I tell you all this because those original two postcards blossomed into a full-blown, banana-peel level daily program of lunch cheer that surprises nobody more than me. When I came home that night, my younger two kids were waiting for me at the train station, leaning dreamily on their Razor scooters. “You packed notes for us,” they said, wonder in their eyes. Pathetic, yes, but that enthusiasm was the wind beneath my lackadaisical, lunch-averse wings.
I started packing postcards every day, introducing daily themes such as Trivia Tuesday (The average American eats 20 pounds of onions per year), Wacky Wednesday (Did you know that the strongest muscle in your body is your tongue?) and my own version of #TBT (What condiment did [cousin’s name redacted] pour over his head in a restaurant last summer?). I bookmarked a handful of websites featuring weird facts and G-rated jokes for Funny Friday, and amassed a collection of postcards spotlighting fine art, national landmarks and animals doing wacky things. Last spring, I even ran a contest, where the kid who correctly recited the tongue twister I packed in his or her lunch earned points towards a hot fudge sundae. True to form, I still haven’t actually come through on the hot fudge sundae, and resentment is building.
Of course my husband was happy to permanently pass his apron to me when I went into lunch-packing overdrive. As for my kids? Assuming you haven’t already forwarded this post to your sister under the subject line “How insane is this mom?,” I will tell you that the younger generation isn’t half as thrilled by my postcards as they were in the beginning. The seven year-old is appreciative in an off-hand way; there are so many perks to being the youngest, including inheriting a dozen American Girl dolls, so lunch notes are just another way her life is coming up roses. My ten year-old started to lose interest and gain embarrassment as fourth grade marched on. He asked me to reserve the flowered postcards for his little sister and he has requested only LeBron-themed messages for the upcoming school year—a request that will be easy to accommodate since we have two biographies of King James on the premises. As for our 13-year-old, she doesn’t want postcards in her lunch, but she’s still miffed by her exclusion from the program. I don’t lose a lot of sleep over this because she’s the only one of the three who has both a baby book and a passport.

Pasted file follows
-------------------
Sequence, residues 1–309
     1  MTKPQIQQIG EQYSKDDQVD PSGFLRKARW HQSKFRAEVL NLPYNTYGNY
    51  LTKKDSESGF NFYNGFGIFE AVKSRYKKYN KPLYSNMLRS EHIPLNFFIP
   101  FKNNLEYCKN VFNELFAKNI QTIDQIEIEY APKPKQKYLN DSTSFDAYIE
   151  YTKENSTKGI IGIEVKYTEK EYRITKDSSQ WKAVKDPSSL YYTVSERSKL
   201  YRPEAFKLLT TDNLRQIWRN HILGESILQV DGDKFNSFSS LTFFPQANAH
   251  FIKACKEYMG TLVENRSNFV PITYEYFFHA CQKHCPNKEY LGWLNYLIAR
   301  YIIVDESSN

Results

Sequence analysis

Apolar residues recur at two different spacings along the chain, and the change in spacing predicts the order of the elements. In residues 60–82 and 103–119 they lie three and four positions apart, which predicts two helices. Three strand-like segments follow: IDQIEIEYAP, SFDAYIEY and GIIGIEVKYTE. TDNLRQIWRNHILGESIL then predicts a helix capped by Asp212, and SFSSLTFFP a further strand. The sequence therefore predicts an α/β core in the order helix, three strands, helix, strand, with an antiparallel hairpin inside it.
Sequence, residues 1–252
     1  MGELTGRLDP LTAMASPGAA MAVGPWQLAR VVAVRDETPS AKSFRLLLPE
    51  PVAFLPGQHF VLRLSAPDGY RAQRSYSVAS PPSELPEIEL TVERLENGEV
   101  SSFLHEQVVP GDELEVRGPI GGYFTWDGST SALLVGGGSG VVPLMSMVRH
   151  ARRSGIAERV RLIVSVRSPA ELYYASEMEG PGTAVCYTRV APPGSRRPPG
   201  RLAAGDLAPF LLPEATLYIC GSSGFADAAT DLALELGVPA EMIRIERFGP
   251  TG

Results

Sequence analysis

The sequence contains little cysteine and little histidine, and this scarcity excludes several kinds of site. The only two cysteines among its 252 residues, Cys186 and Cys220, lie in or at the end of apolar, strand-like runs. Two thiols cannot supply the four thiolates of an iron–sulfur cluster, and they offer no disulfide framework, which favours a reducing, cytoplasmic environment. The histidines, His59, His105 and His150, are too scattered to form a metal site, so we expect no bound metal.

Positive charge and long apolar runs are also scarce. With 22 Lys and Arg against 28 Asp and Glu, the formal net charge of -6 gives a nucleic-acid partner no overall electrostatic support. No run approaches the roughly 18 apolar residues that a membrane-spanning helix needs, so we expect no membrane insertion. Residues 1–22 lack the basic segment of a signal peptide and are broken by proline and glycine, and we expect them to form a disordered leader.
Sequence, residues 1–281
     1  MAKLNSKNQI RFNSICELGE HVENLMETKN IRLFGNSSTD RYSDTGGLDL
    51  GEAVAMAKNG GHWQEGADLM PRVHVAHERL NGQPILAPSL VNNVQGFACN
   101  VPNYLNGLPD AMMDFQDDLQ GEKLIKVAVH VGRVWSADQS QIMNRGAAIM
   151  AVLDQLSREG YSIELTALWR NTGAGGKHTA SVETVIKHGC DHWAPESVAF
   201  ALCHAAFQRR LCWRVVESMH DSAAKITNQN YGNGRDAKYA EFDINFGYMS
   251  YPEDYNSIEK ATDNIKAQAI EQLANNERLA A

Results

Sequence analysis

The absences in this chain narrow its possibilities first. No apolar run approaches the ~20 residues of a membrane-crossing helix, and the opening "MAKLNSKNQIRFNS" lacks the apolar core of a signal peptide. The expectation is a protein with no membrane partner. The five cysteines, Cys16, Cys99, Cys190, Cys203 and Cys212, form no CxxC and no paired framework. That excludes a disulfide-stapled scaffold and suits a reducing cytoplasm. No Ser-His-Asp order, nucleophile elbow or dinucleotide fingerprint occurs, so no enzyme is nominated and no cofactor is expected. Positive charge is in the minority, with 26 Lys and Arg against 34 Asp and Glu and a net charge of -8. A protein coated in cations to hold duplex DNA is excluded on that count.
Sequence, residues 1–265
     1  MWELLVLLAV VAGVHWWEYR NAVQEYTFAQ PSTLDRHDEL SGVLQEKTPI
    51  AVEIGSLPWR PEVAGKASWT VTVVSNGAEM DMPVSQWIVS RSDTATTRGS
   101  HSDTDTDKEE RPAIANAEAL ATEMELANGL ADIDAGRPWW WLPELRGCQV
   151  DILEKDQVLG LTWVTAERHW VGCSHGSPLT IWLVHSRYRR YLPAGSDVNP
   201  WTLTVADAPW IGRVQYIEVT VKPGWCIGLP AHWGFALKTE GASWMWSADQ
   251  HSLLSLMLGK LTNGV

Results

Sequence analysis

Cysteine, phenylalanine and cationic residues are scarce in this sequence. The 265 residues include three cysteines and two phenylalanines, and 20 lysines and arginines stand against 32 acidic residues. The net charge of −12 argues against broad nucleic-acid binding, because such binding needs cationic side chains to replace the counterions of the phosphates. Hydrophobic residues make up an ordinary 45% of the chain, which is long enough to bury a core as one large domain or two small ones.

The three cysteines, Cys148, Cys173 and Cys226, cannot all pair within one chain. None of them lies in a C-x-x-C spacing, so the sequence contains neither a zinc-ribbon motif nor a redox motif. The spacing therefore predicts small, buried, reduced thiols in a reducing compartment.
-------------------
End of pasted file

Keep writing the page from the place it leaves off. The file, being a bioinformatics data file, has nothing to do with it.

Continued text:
So why would a mostly sane, frequently frazzled parent willingly add an extra step to an onerous process? I’m not sure, and I would definitely roll my eyes if I weren’t the person who is doing just that. But I do know that the postcards lend an organizing principle to the most hectic moments of my day. They give me something to think about while I jockey Oreos and baby carrots, claw my way into a Ziploc pack of provolone and scrub grape jelly off the sash of my bathrobe. Of course, there are plenty of other things I should be thinking about first thing in the morning, but the time I spend with my coffee and my postcards and a Sharpie is infinitely more pleasant than mapping out the day’s battle plan: who will go where after school, how they’ll get there, who will pick them up and what they’ll eat when they get home. Not to mention the endless drumbeat of meetings, spelling words, orthodontist appointments, soccer clinics, swim team practices and outgrown shoes. For one peaceful moment, everything else can wait while I Google amazing facts about pigs. The details will be revealed—or concealed—in the lunchroom, but the thrill of discovery is all mine, and the silence in our kitchen is sweet.
You can find Liz Egan on twitter.